Back to Ask the Diabetes Team Ask the Diabetes Team

From Leonia, New Jersey, USA:

My daughter is nineteen years old with type 1 diabetes, initially diagnosed at age eight. She was just released from the hospital last night for a one time idiopathic episode of violent behavior which required her to be restrained. She was extremely combative, biting and kicking and required handcuffing and sedation en route to the local emergency room.

The original episode began when my son and I were awakened around 7 a.m. hearing loud noises downstairs. My daughter appeared at the bottom of the stairs disoriented and not violent. Her initial appearance was similar to a automatic hypoglycemia response that may have awakened her to get some juice for treatment. However, when I attempted to talk to her, she was non-responsive, and I was unable to find her meter to check her blood sugar immediately. Since we were unable to find the meter (she handles her diabetes very independently) and she couldn't tell us what was going on, I proceeded to assume that hypoglycemia was the initial cause. She wouldn't drink so we called 911. She started to become combative by the time the paramedics came. Although she is not a big girl, they could not restrain her due to her strength, presumably due to an adrenalin rush. When they able to restrain and sedate her, about 15 to 20 minutes later, they checked her blood sugar it was 110 mg/dl [61 mmol/L]. They concluded it was non-diabetic episode. Her toxicology screening was negative as were an MRI, EEG and CAT scan. Her A1c was 8.6.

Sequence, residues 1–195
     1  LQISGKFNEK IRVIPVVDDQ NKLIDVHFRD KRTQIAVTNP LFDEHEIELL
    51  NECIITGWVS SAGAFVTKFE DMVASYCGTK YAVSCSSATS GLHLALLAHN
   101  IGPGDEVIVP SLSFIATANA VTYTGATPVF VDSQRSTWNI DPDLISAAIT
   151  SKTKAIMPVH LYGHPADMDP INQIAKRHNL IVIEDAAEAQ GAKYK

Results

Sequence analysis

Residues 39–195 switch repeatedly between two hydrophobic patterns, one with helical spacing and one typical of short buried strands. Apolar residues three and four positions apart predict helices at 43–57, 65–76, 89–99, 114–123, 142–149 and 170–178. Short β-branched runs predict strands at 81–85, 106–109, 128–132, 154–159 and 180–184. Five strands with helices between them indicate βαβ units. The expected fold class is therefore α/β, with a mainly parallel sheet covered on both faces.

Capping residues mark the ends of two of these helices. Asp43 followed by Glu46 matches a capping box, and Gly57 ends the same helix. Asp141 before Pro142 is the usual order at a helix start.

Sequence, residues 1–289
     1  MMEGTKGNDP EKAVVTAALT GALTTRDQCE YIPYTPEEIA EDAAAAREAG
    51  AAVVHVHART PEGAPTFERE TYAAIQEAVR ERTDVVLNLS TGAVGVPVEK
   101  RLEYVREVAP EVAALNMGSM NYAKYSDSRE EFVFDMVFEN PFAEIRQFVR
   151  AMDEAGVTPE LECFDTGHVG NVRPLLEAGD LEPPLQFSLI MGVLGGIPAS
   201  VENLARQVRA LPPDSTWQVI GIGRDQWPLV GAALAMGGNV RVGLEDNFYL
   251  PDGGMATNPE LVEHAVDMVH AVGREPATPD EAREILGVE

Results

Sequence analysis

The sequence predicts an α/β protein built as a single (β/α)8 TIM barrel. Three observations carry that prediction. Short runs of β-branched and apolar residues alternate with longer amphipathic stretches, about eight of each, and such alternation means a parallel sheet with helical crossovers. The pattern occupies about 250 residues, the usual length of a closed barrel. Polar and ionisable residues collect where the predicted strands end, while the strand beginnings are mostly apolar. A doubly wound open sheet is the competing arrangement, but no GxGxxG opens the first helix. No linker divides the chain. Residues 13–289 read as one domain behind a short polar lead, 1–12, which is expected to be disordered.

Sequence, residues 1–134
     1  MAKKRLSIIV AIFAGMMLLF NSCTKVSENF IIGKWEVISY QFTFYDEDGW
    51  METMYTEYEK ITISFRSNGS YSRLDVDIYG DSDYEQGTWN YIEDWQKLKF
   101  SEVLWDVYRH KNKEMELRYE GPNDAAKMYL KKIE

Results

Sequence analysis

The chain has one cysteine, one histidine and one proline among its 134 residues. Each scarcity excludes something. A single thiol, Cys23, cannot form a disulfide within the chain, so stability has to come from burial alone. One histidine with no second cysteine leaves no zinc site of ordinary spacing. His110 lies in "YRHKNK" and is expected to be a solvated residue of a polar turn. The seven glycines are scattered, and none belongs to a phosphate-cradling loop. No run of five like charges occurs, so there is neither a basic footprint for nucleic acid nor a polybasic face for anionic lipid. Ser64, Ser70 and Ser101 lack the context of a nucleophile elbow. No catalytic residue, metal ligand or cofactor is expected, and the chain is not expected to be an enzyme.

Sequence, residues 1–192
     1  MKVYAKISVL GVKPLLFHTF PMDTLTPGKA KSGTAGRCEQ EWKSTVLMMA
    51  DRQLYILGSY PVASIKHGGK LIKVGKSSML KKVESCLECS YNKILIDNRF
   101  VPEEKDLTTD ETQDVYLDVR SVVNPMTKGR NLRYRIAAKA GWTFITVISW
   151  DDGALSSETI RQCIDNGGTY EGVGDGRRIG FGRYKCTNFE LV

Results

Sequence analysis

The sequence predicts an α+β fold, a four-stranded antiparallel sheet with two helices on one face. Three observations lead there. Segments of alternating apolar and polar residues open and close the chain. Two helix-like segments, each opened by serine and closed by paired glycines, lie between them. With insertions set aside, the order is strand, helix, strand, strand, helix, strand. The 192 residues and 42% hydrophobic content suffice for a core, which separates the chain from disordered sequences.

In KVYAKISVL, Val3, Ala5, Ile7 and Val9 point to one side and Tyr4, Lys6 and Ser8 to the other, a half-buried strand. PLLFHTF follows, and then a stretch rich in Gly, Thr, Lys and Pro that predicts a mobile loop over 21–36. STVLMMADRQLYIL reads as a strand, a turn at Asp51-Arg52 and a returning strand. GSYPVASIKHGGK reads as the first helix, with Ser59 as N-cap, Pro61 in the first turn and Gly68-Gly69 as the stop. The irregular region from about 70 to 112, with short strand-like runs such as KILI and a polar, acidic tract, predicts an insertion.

She has also been having major headaches for the last few weeks. She has a full college work load and is working part-time. They released her with no explanation of what happened. She has no recall. We have an excellent endocrinologist at the Columbia Presbyterian Naomi Berrie Diabetes Center in New York City who was very surprised to hear of this event, but felt it was diabetic related. However, this bizarre and frightening episode is distressful in regard to questions regarding her being alone which will be happening while I am on a medical seminar and my son will also be out of town. She is resisting us having someone stay with her.

In your opinion can this be diabetic related? Can it be preventive? Can it be neurological? She had a neurological consultation and the neurologist felt it was not and suggested maybe biofeedback may be next step. Sleep walking combined with a hypoglycemic episode was rejected. My daughter indicated she felt she was in a dream and people were holding her down not knowing why. I will do anything to gain more knowledge and get involved in research to further investigate this phenomenon.


It does not sound like it was related to a hypoglycemic episode. However, I have seen people respond this way with low sugars. The low glucose value is the only thing that is missing to make you think it was. I do not think you can say anything about whether it will recur or can it be prevented when you do not know what caused it in the first place. There are many issues that remain unknown. Is there any follow-up with a neurologist or psychiatrist to keep an eye on this? Atypical seizures can occur like this, but the neurologist should have something to say about it after having had an EEG. Until more is known, it seems reasonable to have her around someone to look after her if this were to recur.


Original posting 4 Aug 2004
Posted to Behavior and Hypoglycemia


  Back to Ask the Diabetes Team Return to the Top of This Page

Last Updated: (none)
This Internet site provides information of a general nature and is designed for educational purposes only. If you have any concerns about your own health or the health of your child, you should always consult with a physician or other health care professional.

This site is published by T-1 Today, Inc. (d/b/a Children with Diabetes), a 501c3 not-for-profit organization, which is responsible for its contents. Our mission is to provide education and support to families living with type 1 diabetes.
By using this site, you agree to our Terms of Use, Legal Notice, and Privacy Policy.
© Children with Diabetes, Inc. 1995-2018. Comments and Feedback.